The fabled pony car faces an uncertain future
In June, just weeks before the long-awaited C8 Corvette debuted to great fanfare, grim rumors circulated about Chevy’s other legacy sports car — the Camaro. Reports indicated that Chevrolet will not continue the Camaro program after 2023, when the pony car’s current and sixth generation is slated to end production.
GM has not confirmed any of the news, but it wouldn’t be the first time the Camaro nameplate was shelved for an indefinite length of time — Chevy didn’t produce a Camaro from 2002 until the 2010 model year. The ‘Maro sold well upon its return and became a modern pop culture symbol thanks to a star turn as Bumblebee in the “Transformers” movies. But sales have been steadily falling now for a few years, and many figure the Camaro will soon go the way of the dodo (as many two-door sports cars have).
So, on the Camaro’s anniversary (the first production Camaro rolled off an Ohio assembly line on August 11, 1966), let’s celebrate one of Chevrolet’s defining nameplates by taking a look at a whole mess of Camaros that are available here on Turo.
The General’s pony
The Camaro was introduced for 1967 to serve as General Motors’ chief rival to the Mustang in the Pony Car Wars. Its sleek, muscular body strikes a classic silhouette — more broadly appealing than the Chevy Corvair and stylish enough to compete with the Mustang. Cameron’s beautiful 1967 Camaro convertible above has the “RS” package with the famous hidden headlights, which are objectively excellent.
Romik’s mean 1969 Pro-touring Camaro houses a swapped LS2 V8, new brakes, and suspension system. Modified muscle cars like this (“pro-tourers”) give drivers the best of both worlds — ‘60s styling with modern performance and reliability.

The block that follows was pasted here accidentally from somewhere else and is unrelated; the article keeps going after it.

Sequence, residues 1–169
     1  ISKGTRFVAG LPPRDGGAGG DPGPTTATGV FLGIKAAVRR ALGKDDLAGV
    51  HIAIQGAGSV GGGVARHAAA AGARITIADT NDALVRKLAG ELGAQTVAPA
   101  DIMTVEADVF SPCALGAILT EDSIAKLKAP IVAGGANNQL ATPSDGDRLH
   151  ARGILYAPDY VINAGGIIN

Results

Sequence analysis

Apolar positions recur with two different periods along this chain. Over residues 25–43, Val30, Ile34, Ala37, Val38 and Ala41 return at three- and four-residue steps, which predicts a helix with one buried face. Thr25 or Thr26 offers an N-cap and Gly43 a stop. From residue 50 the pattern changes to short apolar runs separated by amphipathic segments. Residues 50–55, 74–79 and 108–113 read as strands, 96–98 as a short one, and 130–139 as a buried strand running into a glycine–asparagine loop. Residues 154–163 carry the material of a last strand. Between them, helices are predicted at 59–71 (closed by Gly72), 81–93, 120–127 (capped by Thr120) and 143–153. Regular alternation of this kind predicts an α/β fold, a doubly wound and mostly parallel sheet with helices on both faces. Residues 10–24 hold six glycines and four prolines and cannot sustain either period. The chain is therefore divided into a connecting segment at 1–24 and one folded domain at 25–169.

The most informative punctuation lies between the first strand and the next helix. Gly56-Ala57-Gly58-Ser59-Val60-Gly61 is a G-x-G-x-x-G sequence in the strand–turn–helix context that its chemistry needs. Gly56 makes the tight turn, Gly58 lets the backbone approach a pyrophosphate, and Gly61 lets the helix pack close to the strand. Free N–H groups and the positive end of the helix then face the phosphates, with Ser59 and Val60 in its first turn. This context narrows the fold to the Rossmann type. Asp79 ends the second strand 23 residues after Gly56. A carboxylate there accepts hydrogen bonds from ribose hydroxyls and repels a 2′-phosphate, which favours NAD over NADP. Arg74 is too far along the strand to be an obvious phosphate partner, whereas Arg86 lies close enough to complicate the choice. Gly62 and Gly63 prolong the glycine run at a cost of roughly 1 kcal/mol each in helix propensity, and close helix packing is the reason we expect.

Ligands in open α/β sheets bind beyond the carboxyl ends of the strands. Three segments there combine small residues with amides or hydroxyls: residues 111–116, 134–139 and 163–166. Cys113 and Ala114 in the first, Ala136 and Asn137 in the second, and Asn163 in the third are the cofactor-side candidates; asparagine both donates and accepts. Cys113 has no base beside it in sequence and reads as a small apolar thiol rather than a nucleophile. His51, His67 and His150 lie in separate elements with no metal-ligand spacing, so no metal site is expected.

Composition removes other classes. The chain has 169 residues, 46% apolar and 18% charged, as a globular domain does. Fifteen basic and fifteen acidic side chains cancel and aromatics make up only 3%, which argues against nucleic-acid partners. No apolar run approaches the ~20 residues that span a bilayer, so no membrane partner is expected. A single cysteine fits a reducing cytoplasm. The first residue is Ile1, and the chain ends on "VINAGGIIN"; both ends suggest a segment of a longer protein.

Arian’s 2011 Camaro SS is of the Camaro’s Bumblebee generation. The reintroduced Camaro made a big splash in the market by sticking to the tried-and-true muscle car formula — aggressive styling with retro callbacks to the ‘Maros of old, and a big, loud, 405-hp V8 under the hood.
In 2016, Chevy updated the Camaro and launched the sixth generation on its 50th birthday. It kept the same shape and general style, but got a prettier face and more sophisticated suspension components. Vitalie’s 2018 Camaro SS comes with the Redline Edition style package with black wheels, red accents, and black badges to elevate the Camaro’s visual presence even more.
Turo host Joseph has taken that idea to the next level for his 2018 Camaro SS, which has an Oracle Fir Tree Green wrap, gold HRE wheels, and carbon aero pieces. With the 1LE package and six speed manual transmission, this playful pony is the perfect weekend toy for all the gear-rowers out there.
The alpha dog of the Camaro lineup is the ZL1. In this form, the Chevy Camaro becomes a formidable sports car and a bonafide trackstar. Power in the ZL1 is supplied by a 6.2L supercharged V8 — the same engine found in the Corvette Z06 — which it rides to the tune of 650 horsepower and 650 lb-ft. It runs the zero to 60 sprint in 3.4 seconds and has a top speed north of 200 mph.
These are huge numbers for a factory-stock Chevy not named Corvette, and help show how far the Camaro’s performance has come in the last decade. While we’ll still be seeing new Camaros for the next few years, its long-term future is uncertain. So, like all good things that come to an end, all we can do is enjoy it while we can. If you’ve ever been curious about what the Chevy Camaro experience is really all about, now’s the time to go and find out.